Towards risk coherence

The topic of NeTWork’s 2002 workshop was Towards risk coherence.


We live in an age of risks, where the aim is to be aware of the various risks in our environment, and to control and manage our personal and societal risk levels. Risk management may indeed be considered to be a desirable attribute of modern industrialized society. Yet the information concerning these risks, from all quarters, is rarely coherent. What this means is that it is difficult to compare risks from different sources, and even more difficult to make trade-offs between these different risks. It is therefore difficult, at a personal and societal level, to manage risks in a coherent fashion. The result may be incoherent risk strategies, whether at a personal or societal level.

Risks tend to be assessed within an industry, using metrics that have evolved within that industry via the companies involved and their respective regulators. The various metrics used in one industry are not always compatible with metrics from other industries. Furthermore, as concern over environmental issues increases generally in society, there is a need to consider trade-offs between risks and environmental damage. For example, an environmental campaigner might argue for less air travel due to noise and pollution, but less air travel might lead to more travel by road and rail. There could thus be a net increase in risk (fatalities), and even a net increase in environmental harm. But there is rarely a proper interface between these two considerations (risk of injury/death and environmental harm) even though they both ultimately impact on quality and quantity of life, and even though they are both considered during planning phases for large new installations or transport systems.

Furthermore, in more ‘local’ situations, there is much information on risks associated with food, medical matters, and other areas, but the amount and variety of information makes it difficult to analyze these risks coherently. Some members of the public no doubt feel bewildered by the various statistics and counter-statistics, the pronouncements of experts and other experts who disagree with them, and the ‘scientific’ pronouncements of government ministers which subsequently turn out to be completely wrong.

It is therefore difficult for society, and the public, to judge and balance relative risks in the environment. The workshop aimed to explore the coherence of the communication of different types of risk and aims to facilitate comparative judgment, and determine what can be done to achieve a greater ‘risk coherence’. With more coherence there is a potential for a more balanced approach towards risks and risk reduction, leading to a safer and healthier environment.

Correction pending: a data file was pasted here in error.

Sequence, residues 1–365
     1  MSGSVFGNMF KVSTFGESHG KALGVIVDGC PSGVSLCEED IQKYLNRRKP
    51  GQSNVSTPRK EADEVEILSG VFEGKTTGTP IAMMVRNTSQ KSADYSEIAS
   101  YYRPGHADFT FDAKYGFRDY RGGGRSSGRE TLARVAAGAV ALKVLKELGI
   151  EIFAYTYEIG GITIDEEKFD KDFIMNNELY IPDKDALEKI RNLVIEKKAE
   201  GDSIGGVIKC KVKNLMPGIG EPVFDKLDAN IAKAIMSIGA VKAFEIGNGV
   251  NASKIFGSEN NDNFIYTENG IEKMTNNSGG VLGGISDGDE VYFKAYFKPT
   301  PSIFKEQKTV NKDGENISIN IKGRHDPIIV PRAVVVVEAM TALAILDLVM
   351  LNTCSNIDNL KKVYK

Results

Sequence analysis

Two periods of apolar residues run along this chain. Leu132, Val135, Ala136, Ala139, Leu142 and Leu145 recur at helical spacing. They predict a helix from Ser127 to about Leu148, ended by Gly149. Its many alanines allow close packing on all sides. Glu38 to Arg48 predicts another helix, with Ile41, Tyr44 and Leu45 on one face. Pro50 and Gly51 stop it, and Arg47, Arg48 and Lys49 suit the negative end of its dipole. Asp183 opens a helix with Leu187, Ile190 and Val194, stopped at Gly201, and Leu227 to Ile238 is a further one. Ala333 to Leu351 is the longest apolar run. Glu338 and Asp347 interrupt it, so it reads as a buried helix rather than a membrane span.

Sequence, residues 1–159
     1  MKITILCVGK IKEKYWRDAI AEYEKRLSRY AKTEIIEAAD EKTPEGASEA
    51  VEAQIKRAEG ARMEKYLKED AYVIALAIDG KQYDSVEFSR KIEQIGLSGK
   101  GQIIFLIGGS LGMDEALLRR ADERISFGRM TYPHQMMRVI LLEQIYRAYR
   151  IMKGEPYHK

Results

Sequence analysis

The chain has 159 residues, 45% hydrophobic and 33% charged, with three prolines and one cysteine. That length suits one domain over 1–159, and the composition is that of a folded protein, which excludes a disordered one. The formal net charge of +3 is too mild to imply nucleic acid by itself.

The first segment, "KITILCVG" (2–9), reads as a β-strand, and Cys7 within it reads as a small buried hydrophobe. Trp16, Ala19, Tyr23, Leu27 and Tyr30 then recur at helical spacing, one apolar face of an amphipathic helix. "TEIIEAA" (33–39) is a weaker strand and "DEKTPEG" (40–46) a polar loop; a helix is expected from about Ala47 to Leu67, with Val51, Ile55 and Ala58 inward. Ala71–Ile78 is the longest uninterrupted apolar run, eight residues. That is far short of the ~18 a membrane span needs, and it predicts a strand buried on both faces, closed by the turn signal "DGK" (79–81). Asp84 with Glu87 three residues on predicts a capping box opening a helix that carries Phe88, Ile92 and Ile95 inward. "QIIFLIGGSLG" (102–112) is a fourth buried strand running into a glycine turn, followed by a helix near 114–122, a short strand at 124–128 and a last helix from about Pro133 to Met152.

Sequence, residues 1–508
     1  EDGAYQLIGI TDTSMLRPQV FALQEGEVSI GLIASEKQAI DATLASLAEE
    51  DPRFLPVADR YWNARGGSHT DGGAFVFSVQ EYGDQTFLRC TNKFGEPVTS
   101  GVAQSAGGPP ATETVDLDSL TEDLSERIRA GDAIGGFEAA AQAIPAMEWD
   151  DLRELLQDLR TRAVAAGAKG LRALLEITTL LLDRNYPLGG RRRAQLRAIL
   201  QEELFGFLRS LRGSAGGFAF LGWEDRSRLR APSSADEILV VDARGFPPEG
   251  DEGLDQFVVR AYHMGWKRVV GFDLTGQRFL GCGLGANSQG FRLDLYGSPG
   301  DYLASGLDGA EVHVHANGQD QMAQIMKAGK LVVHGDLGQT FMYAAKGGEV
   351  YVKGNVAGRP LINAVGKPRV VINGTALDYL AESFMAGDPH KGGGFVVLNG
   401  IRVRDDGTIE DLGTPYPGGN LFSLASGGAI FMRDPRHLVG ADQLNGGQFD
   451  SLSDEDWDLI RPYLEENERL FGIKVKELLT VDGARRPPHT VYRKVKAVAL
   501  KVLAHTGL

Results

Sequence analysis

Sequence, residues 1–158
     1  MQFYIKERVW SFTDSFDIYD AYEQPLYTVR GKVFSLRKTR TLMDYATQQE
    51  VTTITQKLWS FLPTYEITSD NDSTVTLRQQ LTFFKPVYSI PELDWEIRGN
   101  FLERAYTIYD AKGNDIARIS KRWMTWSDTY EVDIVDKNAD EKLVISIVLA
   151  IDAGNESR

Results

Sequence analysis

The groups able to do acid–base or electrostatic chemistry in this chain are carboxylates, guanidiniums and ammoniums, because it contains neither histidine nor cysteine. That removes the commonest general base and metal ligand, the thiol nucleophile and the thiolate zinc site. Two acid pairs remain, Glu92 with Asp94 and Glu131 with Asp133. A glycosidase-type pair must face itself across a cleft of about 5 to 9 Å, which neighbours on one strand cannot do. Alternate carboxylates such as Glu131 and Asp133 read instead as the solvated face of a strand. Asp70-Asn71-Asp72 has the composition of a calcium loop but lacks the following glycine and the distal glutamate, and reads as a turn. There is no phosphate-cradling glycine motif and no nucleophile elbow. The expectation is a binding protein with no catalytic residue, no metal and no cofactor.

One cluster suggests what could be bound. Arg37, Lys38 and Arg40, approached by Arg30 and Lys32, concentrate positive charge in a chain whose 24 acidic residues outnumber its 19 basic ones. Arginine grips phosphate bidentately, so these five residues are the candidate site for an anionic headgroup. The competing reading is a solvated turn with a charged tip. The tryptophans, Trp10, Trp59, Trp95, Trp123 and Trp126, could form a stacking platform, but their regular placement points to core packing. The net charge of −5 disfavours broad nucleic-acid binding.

Note: the workshop focused on involuntary risks, as discussed below, and not voluntary risks associated with personal lifestyles etc. Ideally even such risks would be included, but this would probably have stretched the workshop beyond an ability to derive useful conclusions and coherent insights.

Below, some key issues are considered, leading towards a specification of what type of expertise is required for the workshop.

A risky existence…

When you get up in the morning, risk questions very quickly materialize, at breakfast, for example. How many eggs is it safe to eat in a week? Do they increase or decrease cholesterol? Does the breakfast contain any GM soya, and does it matter? How should one travel to work? If one has to go to a conference abroad, which is the safer method of transport? Energy is used all the time. Which is the safest and cleanest form of energy production? How safe are the vaccinations for one’s young daughter? What are the impacts of living in the middle of a big, polluted city? And so on.

The long list of questions is matched by a bewildering array of statistics, from a range of sources. The statistics themselves come in all shapes and sizes, but all of them seem to say that their product or process is safer than any other, and there is generally nothing to worry about. But they can’t all be equal risk, can they? And what of exposure rates? These are not usually factored into readily available statistics, but the exposure rate often dramatically affects the real risk level.

Public perception of risk: bias, or poor information?

Previous work suggests that people’s risk perceptions and preferences are biased, for example against nuclear power. But what if this is more due to a lack of coherent information on relative risks of different energy production systems? Can the public be expected to make a reasoned judgment if the reasoning material is not available? Is the public really biased or does it make another judgment? Do we ignore them, attempt to change them, or allocate risk-reduction resources with these judgments in mind? The latter options do not appear to have been much considered.

Sources of risk information